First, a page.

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Remember that with the shuttle the turbopumps get power from the tail service masts which start the whole sequence off at T-6.6, after that, the actual flow of the liquid oxygen keeps the process going.

 

Fabri91

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Ah! Makes sense now.
Well, since the turbopump is necessary for normal engine operation and normally is powered only during said normal operation (normal as in "started and working at nominal thrust"), we need some gas source to spin it up when the engine is being ignited. This can be either single-use solid or a gas generator/pre burner that can be activated with just the pressure of the pressurized tanks.

Such a device (or other metod to spin up the turbopump) is necessary because in order to fire up the "rest" of the engine the pressure of the pressurized tanks isn't sufficient, so we need the boost of the (turbo)pumps.
 
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Urwumpe

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It isn't necessary - the SSME doesn't use ANY such devices for spinning the turbines up.

But the SSME is also much more complex because of it. In the SSME, the propellant flows into the engine and at "tank head" (The pressure from the tank) into the preburners, where the ASI ignites the atomized propellants and creates a small initial exhaust stream, that spins the turbine up at low power. When the pressure in the preburner increases because of the combustion, the propellant flow is reduced and the pressure drops again - the engine operation is still very chaotic and instable at low thrust level.

With the spinning turbine, the propellant pressure increases in the pump, with a small delay because of the length of the lines between pump and preburner, more fuel flows into the preburner, the pressure in the preburner increases much more, the turbine gets more power, the pressure at the pump increases again, etc.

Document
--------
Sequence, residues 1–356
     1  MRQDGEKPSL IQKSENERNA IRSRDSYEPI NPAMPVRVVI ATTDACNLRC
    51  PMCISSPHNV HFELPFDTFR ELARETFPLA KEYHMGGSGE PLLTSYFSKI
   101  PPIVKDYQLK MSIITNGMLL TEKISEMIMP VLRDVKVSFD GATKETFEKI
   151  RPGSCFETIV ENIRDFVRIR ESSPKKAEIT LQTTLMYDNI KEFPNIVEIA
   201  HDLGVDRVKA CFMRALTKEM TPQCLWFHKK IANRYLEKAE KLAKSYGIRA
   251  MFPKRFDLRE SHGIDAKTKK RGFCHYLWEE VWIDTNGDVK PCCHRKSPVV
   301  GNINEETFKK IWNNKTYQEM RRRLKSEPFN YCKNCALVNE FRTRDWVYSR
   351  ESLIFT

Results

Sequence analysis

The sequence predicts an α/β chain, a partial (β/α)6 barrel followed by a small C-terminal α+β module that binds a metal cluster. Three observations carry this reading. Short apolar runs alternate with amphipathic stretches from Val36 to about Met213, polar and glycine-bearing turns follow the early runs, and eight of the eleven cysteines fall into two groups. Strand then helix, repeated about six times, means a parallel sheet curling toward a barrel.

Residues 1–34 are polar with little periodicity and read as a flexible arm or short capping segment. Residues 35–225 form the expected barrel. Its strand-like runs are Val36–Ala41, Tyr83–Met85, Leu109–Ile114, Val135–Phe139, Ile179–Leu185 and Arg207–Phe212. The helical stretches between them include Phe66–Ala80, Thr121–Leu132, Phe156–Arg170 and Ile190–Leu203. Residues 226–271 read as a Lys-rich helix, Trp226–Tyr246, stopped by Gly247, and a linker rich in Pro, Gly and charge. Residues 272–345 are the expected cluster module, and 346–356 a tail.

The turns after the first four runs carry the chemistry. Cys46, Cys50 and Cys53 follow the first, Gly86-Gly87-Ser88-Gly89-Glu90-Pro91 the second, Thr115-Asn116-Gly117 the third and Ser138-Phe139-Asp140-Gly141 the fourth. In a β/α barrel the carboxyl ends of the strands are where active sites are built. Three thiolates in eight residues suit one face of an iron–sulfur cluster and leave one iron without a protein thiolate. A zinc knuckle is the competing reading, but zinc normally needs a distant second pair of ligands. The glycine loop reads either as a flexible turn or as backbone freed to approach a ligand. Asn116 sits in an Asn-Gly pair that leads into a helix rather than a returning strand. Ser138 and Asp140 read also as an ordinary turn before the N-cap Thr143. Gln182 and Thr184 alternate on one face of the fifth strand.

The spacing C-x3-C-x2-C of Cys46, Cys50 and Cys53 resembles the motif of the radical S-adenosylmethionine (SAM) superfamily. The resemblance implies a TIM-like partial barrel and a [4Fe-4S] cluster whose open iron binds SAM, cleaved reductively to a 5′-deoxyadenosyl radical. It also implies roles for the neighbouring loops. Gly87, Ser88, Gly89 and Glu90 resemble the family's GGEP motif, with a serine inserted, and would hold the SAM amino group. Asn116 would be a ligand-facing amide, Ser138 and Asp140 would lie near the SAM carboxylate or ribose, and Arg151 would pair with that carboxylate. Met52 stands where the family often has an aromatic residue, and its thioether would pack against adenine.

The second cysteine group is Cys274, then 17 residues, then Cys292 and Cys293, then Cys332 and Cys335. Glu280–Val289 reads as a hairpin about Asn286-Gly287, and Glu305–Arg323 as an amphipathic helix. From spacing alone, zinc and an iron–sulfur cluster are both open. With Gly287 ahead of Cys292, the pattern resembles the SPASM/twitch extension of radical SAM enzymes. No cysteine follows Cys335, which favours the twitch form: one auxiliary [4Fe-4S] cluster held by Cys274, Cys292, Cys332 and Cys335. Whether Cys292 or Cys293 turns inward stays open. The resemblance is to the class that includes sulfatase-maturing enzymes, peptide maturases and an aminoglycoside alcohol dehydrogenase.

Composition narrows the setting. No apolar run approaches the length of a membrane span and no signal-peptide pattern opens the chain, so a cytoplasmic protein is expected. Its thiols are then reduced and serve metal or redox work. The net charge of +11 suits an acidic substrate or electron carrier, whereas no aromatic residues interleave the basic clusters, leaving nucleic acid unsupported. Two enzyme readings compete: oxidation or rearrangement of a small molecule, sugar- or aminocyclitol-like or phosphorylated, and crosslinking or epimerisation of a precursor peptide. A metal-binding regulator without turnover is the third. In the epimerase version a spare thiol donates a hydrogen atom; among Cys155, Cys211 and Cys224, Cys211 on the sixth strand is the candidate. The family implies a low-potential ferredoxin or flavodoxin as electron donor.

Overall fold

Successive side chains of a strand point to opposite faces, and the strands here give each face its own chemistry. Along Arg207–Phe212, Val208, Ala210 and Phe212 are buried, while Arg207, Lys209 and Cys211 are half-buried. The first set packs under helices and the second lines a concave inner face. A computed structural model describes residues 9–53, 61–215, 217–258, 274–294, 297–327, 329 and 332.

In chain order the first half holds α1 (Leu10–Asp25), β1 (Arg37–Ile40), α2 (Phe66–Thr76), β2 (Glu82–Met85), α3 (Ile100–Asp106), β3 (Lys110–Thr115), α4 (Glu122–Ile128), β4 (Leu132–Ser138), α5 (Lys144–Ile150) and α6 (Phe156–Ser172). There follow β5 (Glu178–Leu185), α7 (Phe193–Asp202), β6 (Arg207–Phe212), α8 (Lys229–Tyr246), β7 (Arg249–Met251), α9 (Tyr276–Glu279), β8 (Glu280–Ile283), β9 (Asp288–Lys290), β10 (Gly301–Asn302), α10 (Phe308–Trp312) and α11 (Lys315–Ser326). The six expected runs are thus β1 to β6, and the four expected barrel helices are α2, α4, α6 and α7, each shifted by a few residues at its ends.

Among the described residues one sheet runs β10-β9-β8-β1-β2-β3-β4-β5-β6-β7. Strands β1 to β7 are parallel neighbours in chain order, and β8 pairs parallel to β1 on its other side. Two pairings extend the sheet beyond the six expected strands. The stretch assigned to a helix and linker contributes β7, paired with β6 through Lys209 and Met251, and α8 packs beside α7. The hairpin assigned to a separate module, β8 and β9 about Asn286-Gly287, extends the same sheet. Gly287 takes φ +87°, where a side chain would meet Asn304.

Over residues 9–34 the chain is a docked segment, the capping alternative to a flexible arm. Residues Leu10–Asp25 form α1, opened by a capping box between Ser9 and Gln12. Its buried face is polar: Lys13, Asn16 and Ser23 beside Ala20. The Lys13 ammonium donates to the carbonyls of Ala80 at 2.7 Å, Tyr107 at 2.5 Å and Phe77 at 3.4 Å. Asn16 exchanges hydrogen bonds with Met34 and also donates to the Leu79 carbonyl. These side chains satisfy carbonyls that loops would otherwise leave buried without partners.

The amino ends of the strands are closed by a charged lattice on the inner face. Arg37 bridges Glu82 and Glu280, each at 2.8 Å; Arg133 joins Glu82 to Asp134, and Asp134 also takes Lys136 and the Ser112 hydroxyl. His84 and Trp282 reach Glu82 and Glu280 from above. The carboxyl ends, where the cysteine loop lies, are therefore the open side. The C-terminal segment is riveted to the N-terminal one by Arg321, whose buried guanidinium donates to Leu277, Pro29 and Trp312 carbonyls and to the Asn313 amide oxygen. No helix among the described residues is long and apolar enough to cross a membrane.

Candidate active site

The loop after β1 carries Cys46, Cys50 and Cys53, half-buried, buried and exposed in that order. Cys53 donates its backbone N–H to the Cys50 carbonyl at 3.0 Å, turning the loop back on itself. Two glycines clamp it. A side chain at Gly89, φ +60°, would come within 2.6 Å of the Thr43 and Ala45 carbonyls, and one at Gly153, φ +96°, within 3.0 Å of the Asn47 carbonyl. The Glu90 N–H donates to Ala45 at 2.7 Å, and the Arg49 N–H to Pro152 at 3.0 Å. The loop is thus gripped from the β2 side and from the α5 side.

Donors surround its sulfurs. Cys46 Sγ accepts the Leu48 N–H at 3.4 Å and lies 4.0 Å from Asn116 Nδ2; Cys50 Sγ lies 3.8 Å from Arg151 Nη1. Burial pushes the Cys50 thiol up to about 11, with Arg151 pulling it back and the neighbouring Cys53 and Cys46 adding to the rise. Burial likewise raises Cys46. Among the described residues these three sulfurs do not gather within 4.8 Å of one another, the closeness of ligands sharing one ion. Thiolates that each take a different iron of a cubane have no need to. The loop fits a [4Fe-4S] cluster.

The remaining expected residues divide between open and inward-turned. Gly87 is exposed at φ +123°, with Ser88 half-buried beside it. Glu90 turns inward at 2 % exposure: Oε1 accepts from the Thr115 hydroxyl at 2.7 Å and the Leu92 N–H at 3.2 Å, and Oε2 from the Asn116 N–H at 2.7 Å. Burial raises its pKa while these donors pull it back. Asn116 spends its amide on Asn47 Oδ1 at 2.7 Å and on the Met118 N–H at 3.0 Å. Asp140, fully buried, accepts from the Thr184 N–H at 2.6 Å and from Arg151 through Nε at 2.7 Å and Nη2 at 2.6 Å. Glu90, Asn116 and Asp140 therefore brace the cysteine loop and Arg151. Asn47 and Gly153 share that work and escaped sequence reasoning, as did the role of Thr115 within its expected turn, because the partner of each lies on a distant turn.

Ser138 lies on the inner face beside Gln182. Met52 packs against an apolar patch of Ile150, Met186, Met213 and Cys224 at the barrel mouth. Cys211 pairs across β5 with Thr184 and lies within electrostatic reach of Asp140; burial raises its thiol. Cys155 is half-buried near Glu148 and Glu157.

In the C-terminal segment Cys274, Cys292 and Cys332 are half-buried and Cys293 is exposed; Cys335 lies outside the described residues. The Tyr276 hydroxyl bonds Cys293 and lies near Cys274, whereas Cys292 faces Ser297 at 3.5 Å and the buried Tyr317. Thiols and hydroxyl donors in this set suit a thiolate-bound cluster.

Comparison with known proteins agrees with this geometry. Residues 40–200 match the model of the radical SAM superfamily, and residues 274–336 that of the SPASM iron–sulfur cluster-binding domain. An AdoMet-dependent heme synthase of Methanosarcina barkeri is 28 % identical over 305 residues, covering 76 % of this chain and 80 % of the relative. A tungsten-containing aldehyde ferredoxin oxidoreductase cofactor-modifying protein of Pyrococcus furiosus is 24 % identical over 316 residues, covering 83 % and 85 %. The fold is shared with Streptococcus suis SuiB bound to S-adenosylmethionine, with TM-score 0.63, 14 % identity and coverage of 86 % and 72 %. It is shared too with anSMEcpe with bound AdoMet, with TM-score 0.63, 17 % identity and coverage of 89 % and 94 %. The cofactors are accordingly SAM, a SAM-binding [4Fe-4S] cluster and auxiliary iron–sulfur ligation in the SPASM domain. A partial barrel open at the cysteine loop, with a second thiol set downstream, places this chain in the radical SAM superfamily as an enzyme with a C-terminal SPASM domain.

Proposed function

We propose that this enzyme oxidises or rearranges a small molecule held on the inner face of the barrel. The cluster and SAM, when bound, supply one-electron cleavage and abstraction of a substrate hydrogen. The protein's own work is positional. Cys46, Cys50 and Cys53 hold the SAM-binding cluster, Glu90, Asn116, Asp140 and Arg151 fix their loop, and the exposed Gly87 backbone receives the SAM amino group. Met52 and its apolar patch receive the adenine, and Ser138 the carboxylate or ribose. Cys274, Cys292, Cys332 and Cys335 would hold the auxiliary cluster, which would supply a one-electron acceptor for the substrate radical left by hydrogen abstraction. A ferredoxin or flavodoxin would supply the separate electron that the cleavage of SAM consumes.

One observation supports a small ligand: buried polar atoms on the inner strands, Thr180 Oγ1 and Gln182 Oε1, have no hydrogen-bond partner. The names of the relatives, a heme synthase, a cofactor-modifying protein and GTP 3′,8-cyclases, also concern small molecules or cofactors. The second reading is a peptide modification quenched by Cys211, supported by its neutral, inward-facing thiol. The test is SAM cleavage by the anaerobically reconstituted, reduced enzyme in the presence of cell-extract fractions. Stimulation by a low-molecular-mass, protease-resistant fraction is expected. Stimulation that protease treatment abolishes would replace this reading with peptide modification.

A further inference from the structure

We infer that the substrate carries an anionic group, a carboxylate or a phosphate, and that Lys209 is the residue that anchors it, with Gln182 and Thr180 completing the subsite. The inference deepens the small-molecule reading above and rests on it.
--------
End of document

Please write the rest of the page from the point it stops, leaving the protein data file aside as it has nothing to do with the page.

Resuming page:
After a few such oscillations, the engine has enough fuel-rich flow, that the MCC can be ignited and oxygen is injected into the combustion chamber. The mixture of the exhaust of the preburner and the oxygen is already too cold to ignite automatically, so a third ASI ignites the MCC. Now the engine is really igniting, though still at low power. Now the pressure of the MCC increases quickly with the oscillations in the preburner power, until 65% thrust is reached - the engine is ready for closed loop control.

Now, if you don't want to spend many thousand hours for testing the ignition sequence, and want to use simpler piping and valve actions, you give the turbine shaft a bit of initial speed, so the early low pressure oscillations can be prevented during engine start up and the start-up be made faster. But such a system is either expendable (limited number of restarts) or complex (additional start gas generator)
 
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Izack

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Now, if you don't want to spend many thousand hours for testing the ignition sequence, and want to use simpler piping and valve actions, you give the turbine shaft a bit of initial speed, so the early low pressure oscillations can be prevented during engine start up and the start-up be made faster. But such a system is either expendable (limited number of restarts) or complex (additional start gas generator)